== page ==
62. ^ Block, [edited by] Seymour S. (2000). "Chapter 27: Chemical Sporicidal and Sporostatic Agents". Disinfection, sterilization, and preservation (5th ed.). Philadelphia: Lea & Febiger. pp. 529–543. ISBN 978-0-683-30740-5.CS1 maint: Extra text: authors list (link)
  63. ^ "Sec. 184.1366 Hydrogen peroxide". U.S. Government Printing Office via GPO Access. 1 April 2001. Archived from the original on 3 July 2007. Retrieved 7 July 2007.
  64. ^ Wilgus TA, Bergdall VK, Dipietro LA, Oberyszyn TM; Bergdall; Dipietro; Oberyszyn (2005). "Hydrogen peroxide disrupts scarless fetal wound repair". Wound Repair Regen. 13 (5): 513–9. doi:10.1111/j.1067-1927.2005.00072.x. PMID 16176460.CS1 maint: Multiple names: authors list (link)
  65. ^ Loo, Alvin Eng Kiat; Wong, Yee Ting; Ho, Rongjian; Wasser, Martin; Du, Tiehua; Ng, Wee Thong; Halliwell, Barry; Sastre, Juan (13 November 2012). "Effects of Hydrogen Peroxide on Wound Healing in Mice in Relation to Oxidative Damage". PLoS ONE. 7 (11): e49215. Bibcode:2012PLoSO...749215L. doi:10.1371/journal.pone.0049215. PMC 3496701. PMID 23152875.
  66. ^ Shaw, A; Cooperman, A; Fusco, J (1967). "Gas embolism produced by hydrogen peroxide". N Engl J Med. 277 (5): 238–41. doi:10.1056/nejm196708032770504. PMID 6029311.
  67. ^ "Hydrogen peroxide: reminder of risk of gas embolism when used in surgery – GOV.UK". www.gov.uk.
  68. ^ Rahman, GA; Adigun, IA; Yusuf, IF; Ofoegbu, CKP (28 May 2010). "Wound dressing where there is limitation of choice". Nigerian Journal of Surgical Research. 8 (3–4). doi:10.4314/njsr.v8i3-4.54882.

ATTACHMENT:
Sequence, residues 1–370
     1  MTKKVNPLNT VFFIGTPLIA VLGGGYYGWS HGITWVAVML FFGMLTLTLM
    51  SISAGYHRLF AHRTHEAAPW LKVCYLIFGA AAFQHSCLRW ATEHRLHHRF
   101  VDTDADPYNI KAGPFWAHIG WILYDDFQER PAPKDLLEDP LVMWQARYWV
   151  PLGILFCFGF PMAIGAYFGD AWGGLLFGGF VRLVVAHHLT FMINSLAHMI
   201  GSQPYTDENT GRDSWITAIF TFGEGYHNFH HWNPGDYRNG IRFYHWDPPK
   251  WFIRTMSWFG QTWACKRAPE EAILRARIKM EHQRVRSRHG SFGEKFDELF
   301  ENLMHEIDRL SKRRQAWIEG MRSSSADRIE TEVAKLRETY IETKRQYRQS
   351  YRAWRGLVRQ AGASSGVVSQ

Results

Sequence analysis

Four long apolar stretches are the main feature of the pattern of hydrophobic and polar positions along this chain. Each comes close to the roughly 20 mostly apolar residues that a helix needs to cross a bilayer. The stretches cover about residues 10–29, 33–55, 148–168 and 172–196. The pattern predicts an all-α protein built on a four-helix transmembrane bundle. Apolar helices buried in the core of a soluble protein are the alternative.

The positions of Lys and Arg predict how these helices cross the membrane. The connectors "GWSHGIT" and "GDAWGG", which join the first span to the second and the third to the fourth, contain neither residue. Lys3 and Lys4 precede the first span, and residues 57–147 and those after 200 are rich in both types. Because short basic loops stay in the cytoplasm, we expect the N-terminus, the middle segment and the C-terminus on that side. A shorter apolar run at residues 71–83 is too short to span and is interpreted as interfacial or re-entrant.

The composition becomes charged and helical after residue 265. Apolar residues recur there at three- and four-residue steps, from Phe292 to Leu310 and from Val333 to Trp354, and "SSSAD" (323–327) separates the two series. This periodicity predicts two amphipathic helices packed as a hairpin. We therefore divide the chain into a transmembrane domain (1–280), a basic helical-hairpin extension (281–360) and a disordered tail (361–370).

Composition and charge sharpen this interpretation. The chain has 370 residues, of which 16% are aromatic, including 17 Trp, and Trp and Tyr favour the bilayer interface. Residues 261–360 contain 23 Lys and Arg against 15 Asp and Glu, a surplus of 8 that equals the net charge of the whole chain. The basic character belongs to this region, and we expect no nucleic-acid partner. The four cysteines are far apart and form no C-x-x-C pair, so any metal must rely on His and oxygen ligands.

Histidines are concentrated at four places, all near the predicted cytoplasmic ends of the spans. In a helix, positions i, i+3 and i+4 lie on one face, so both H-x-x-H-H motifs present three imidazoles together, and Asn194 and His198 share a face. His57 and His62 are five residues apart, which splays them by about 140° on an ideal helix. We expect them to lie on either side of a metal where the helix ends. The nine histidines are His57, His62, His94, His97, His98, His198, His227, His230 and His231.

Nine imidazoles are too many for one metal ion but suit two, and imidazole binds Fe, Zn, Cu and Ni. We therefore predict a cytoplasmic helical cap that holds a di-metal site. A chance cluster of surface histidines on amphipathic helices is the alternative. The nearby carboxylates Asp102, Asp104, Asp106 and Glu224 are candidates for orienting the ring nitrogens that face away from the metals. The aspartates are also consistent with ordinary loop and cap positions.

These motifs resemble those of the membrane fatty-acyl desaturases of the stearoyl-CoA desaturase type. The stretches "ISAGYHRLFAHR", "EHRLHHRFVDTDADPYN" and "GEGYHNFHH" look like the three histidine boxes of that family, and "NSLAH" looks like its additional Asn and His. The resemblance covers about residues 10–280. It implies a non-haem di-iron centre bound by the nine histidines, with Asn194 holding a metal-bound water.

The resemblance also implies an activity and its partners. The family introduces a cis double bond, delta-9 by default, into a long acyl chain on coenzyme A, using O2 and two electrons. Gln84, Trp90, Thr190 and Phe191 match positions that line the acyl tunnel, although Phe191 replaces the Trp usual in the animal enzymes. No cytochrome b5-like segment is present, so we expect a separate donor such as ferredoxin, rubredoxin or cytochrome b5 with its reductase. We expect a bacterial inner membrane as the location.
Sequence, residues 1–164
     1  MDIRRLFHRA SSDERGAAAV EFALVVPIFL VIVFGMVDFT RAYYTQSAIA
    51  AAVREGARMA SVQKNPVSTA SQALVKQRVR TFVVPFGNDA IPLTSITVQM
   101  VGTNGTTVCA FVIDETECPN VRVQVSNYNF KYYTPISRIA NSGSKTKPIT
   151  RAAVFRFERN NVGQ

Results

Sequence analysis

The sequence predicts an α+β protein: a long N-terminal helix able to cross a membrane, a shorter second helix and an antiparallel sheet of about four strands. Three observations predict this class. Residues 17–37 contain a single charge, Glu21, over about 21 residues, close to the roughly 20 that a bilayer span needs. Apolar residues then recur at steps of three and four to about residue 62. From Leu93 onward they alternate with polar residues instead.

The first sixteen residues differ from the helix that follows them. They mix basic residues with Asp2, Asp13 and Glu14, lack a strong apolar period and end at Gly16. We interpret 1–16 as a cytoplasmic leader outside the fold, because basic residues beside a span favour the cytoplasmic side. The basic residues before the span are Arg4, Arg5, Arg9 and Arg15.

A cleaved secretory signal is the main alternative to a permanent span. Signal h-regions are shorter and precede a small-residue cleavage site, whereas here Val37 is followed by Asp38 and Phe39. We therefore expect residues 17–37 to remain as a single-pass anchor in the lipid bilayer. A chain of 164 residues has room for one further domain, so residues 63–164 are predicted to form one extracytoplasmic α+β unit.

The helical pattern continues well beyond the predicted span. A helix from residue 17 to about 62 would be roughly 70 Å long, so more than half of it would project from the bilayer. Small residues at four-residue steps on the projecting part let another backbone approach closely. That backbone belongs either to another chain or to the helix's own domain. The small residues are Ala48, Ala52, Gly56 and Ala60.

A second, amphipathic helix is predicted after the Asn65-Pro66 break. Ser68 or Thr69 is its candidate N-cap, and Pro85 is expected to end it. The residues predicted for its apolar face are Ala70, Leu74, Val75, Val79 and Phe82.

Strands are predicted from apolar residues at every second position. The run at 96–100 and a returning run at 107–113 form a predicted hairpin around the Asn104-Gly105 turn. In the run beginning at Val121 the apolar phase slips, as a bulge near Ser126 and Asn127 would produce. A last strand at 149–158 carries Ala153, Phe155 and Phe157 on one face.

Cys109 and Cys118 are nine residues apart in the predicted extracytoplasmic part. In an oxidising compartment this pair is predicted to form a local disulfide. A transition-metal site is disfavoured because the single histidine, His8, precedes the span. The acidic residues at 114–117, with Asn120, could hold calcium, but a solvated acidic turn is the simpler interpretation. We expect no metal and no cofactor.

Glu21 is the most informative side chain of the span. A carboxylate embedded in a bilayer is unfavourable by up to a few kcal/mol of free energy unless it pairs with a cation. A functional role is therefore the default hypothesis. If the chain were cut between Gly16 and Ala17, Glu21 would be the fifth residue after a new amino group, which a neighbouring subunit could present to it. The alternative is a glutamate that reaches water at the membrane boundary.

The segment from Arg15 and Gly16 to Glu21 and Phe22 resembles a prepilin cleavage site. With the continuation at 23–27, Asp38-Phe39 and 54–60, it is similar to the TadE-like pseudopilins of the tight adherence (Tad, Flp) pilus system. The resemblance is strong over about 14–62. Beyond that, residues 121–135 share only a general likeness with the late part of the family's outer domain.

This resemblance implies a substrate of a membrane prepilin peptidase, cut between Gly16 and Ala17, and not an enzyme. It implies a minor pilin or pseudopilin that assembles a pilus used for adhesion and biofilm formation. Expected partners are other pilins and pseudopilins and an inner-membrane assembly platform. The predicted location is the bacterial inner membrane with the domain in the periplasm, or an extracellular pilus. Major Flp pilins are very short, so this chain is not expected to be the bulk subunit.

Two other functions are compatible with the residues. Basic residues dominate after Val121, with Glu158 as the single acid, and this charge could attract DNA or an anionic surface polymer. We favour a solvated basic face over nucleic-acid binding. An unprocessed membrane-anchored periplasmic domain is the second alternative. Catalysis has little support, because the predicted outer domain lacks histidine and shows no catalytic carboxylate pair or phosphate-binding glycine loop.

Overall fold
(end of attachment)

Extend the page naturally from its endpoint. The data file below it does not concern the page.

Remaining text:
69. ^ Velding, K.; Klis, S.-A.; Abass, K. M.; Tuah, W.; Stienstra, Y.; van der Werf, T. (9 June 2014). "Wound Care in Buruli Ulcer Disease in Ghana and Benin". American Journal of Tropical Medicine and Hygiene. 91 (2): 313–318. doi:10.4269/ajtmh.13-0255. PMC 4125255. PMID 24914002.
  70. ^ "Hydrogen peroxide: health effects, incident management and toxicology". Retrieved 3 March 2016.
  71. ^ Lane, Nick (2003). Oxygen : the molecule that made the world (First issued in paperback, repr. ed.). Oxford: Oxford University Press. p. 117. ISBN 978-0-19-860783-0.
  72. ^ Shepherd, Steven. "Brushing Up on Gum Disease". FDA Consumer. Archived from the original on 14 May 2007. Retrieved 7 July 2007.
  73. ^ Capizzi, R.; Landi, F.; Milani, M.; Amerio, P. (2004). "Skin tolerability and efficacy of combination therapy with hydrogen peroxide stabilized cream and adapalene gel in comparison with benzoyl peroxide cream and adapalene gel in common acne. A randomized, investigator-masked, controlled trial". British Journal of Dermatology. 151 (2): 481–484. doi:10.1111/j.1365-2133.2004.06067.x. PMID 15327558.
  74. ^ Douglass, William Campbell (1995). Hydrogen peroxide : medical miracle. [Atlanta, GA]: Second Opinion Pub. ISBN 978-1-885236-07-4.
  75. ^ a b Hydrogen Peroxide, 3%. 3. Hazards Identification Southeast Fisheries Science Center, daughter agency of NOAA.
  76. ^ a b "Questionable methods of cancer management: hydrogen peroxide and other 'hyperoxygenation' therapies". CA: A Cancer Journal for Clinicians. 43 (1): 47–56. 1993. doi:10.3322/canjclin.43.1.47. PMID 8422605.
  77. ^ a b Cooper, Anderson (12 January 2005). "A Prescription for Death?". CBS News. Retrieved 7 July 2007.
  78. ^ a b Mikkelson, Barbara (30 April 2006). "Hydrogen Peroxide". Snopes.com. Retrieved 7 July 2007.